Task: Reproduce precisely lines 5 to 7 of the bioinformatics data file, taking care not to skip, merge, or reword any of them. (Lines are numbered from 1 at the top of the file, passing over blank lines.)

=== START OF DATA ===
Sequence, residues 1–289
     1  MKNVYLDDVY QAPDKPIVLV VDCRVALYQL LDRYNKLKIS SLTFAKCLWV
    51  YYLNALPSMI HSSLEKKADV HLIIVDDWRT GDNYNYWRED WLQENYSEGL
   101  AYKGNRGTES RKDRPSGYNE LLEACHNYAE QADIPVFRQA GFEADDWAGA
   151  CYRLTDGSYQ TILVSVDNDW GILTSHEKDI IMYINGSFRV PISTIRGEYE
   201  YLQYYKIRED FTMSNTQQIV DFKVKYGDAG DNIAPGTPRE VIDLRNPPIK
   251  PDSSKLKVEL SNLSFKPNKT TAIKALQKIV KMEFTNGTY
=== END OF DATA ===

   151  CYRLTDGSYQ TILVSVDNDW GILTSHEKDI IMYINGSFRV PISTIRGEYE
   201  YLQYYKIRED FTMSNTQQIV DFKVKYGDAG DNIAPGTPRE VIDLRNPPIK
   251  PDSSKLKVEL SNLSFKPNKT TAIKALQKIV KMEFTNGTY